Sunday, December 1, 2013 is World AIDS Day, an awareness day that sparked a global initiative to encourage countries and communities to take a stand against HIV/AIDS. AIDS is the final stage of HIV infection and it can take years for a person infected with HIV to reach this stage.

From 2011-2015, World AIDS Days will have the theme of “Getting to zero: Zero new HIV infections. Zero discrimination. Zero AIDS related deaths.” The World AIDS Campaign focus on “Zero AIDS related deaths” signifies a push towards greater access to treatment for all and a call for governments to act now.

AID Atlanta and several other metro area organizations are holding numerous activities during the coming week including free HIV testings, lunch and learn sessions and candlelight vigils. It is estimated that 33.3 million people have HIV worldwide, with 1.2 million persons who are living with HIV in the United States, according to the Center of Disease Control (CDC) estimates. This number is expected to continue to increase over time, as advances in treatments prolong the lives of those who are infected and more people become infected with HIV each year.

Despite increases in the total number of people in the U.S. living with HIV infection in recent years, the annual number of new HIV infections has remained relatively stable. However, new infections continue at far too high of a level, with approximately 50,000 Americans becoming infected with HIV each year. Worldwide, the rate of new infections, or incidence, has decreased. In 33 countries, the incidence has decreased more than 25 percent since 2001, including countries in the hardest hit areas of sub-Saharan Africa.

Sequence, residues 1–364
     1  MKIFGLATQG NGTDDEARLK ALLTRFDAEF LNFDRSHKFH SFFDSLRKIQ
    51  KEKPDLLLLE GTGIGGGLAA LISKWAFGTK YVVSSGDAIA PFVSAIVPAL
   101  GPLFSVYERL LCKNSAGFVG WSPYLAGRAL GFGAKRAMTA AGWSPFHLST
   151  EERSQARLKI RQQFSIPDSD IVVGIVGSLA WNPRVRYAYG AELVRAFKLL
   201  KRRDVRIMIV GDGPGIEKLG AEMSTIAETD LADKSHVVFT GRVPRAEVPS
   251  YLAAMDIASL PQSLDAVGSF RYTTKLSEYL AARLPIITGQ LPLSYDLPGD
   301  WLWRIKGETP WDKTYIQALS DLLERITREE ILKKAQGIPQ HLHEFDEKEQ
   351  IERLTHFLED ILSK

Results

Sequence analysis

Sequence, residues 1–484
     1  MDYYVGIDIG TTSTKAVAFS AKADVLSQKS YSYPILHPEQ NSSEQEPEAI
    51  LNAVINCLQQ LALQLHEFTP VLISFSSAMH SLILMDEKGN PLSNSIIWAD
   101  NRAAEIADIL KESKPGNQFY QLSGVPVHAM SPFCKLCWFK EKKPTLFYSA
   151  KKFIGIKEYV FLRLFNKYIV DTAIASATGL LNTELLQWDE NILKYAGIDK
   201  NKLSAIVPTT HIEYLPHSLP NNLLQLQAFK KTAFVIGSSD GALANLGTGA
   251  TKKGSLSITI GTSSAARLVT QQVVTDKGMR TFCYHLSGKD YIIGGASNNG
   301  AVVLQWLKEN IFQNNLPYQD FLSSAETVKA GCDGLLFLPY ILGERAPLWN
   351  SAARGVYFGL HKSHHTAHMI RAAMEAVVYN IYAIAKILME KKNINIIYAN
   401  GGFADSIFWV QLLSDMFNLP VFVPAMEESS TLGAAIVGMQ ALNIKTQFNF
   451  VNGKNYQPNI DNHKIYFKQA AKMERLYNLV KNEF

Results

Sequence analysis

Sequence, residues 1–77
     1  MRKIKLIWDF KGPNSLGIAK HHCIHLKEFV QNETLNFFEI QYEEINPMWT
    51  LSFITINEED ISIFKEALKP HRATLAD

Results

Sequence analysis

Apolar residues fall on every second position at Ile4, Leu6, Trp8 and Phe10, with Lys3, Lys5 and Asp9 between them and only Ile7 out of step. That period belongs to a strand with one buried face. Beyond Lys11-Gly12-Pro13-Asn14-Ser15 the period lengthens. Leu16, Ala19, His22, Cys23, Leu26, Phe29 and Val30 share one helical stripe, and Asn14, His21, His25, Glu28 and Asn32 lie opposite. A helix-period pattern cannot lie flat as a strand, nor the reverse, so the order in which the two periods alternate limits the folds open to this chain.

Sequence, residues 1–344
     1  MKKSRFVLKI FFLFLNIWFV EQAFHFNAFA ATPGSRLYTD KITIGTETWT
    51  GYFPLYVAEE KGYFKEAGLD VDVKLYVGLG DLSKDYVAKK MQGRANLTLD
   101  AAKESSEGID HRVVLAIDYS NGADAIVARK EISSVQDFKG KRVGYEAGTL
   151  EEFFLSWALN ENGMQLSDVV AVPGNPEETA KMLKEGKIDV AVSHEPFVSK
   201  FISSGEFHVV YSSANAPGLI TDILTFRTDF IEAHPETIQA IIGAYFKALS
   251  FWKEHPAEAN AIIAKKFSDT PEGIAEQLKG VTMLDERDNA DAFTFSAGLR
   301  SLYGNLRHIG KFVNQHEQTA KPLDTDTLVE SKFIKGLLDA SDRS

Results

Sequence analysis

Smokers’ days may be numbered on many of Georgia’s college campuses, as the state Board of Regents considers a total tobacco ban for all 31 institutions in the university system.

The ban is being pushed by Regent Thomas Hopkins, an orthopedic surgeon from Griffin who wants it to apply to students, staff and visitors.

The proposal, which he would like the regents to discuss early next year, follows a national trend of similar bans — promoted as health initiatives — implemented at schools, parks, around hospitals and in restaurants. Last September, the U.S. Department of Health and Human Services launched a national tobacco-free college campus initiative to promote bans like Hopkins is proposing. The initiative counts more than 1,100 colleges and universities in its smoke-free fold.

Merrell Williams Jr., a one-time Kentucky paralegal who took on Big Tobacco as a whistleblower who leaked internal documents exposing health risks and the addictiveness of cigarettes, has died in Mississippi, decades after he joined the fight that forever changed perceptions of smoking.

Williams died last week of a heart attack in Ocean Springs, Miss., his daughter, Jennifer Smith, said Monday. He was 72.

He worked for a Kentucky law firm representing the then-Brown & Williamson Tobacco Corp. and leaked thousands of pages of internal memos and studies concerning smoking and health that provided newfound ammunition to tobacco opponents.

The information made national headlines. News organizations reported the information showed Brown & Williamson executives knew decades earlier that nicotine was addictive and that they funneled potentially damaging documents to lawyers to keep them secret.

A few years later, the tobacco industry agreed to a massive settlement with the states over smoking-related health costs.